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# @(#)README 5.1 (Berkeley) 5/22/90
col - filter out reverse line feeds.
In the 32V source code to col(1) the default behavior was to NOT compress
spaces into tabs. There was a -h option which caused it to compress spaces
into tabs. There was no -x flag.
The 32V documentation, however, was consistent with the SVID (actually, V7
at the time) and documented a -x flag (as defined above) while making no
mention of a -h flag. Just before 4.3BSD went out, CSRG updated the manual
page to reflect the way the code worked. Suspecting that this was probably
the wrong way to go, this version adopts the SVID defaults, and no longer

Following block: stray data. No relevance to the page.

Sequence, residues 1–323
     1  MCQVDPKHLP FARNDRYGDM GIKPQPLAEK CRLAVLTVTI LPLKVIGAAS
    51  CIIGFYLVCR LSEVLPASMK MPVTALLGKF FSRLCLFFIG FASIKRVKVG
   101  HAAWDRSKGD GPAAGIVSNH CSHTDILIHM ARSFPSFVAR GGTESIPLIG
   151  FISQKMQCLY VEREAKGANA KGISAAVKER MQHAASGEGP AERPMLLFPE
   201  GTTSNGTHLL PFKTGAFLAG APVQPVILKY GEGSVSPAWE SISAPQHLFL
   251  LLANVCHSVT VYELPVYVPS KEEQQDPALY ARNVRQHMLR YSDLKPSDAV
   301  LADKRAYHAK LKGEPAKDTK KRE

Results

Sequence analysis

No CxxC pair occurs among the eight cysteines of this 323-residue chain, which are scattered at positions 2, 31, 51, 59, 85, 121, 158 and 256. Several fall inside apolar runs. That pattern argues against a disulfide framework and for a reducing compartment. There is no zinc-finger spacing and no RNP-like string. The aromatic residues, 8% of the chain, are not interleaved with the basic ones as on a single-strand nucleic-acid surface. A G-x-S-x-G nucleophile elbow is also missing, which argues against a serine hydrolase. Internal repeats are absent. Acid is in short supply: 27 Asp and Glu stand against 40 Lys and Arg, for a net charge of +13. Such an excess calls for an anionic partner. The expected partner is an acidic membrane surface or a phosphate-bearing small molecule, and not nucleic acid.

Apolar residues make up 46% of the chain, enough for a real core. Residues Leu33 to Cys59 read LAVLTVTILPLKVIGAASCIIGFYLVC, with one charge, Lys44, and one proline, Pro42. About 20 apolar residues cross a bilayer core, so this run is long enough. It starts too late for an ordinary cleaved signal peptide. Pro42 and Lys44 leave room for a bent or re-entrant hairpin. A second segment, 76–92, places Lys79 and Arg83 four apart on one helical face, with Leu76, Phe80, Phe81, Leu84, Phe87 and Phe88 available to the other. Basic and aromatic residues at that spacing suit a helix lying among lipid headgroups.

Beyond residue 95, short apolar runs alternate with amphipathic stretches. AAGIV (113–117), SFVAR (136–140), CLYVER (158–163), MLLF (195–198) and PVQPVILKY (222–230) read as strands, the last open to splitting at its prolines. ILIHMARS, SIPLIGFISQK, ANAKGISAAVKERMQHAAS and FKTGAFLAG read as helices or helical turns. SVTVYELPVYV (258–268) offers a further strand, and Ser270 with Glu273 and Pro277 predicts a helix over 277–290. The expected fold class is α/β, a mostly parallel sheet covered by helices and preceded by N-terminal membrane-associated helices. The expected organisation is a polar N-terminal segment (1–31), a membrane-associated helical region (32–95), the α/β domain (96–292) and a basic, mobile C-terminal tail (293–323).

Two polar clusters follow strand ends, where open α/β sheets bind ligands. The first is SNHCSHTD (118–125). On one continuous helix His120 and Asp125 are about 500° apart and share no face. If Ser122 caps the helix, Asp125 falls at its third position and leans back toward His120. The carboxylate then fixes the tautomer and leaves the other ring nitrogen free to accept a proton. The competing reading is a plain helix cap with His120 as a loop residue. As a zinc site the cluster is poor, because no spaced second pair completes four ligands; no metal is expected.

documents the -h option.
The S5 -p flag is not supported because it isn't clear what it does (looks
like a kludge introduced for a particular printer).
Known differences between AT&T's col and this one (# is delimiter):
Input AT&T col this col
#\nabc\E7def\n# # def\nabc\r# # def\nabc\n#
#a# ## #a\n#
- last line always ends with at least one \n (or \E9)
#1234567 8\n# #1234567\t8\n# #1234567 8\n#
- single space not expanded to tab
-f #a\E8b\n# #ab\n# # b\E9\ra\n#
- can back up past first line (as far as you want) so you
*can* have a super script on the first line
#\E9_\ba\E8\nb\n# #\n_\bb\ba\n# #\n_\ba\bb\n#
- always print last character written to a position,
AT&T col claims to do this but doesn't.
If a character is to be placed on a line that has been flushed, a warning
is produced (the AT&T col is silent). The -l flag (not in AT&T col) can
be used to increase the number of lines buffered to avoid the problem.
General algorithm: a limited number of lines are buffered in a linked
list. When a printable character is read, it is put in the buffer of
the current line along with the column it's supposed to be in. When
a line is flushed, the characters in the line are sorted according to
column and then printed.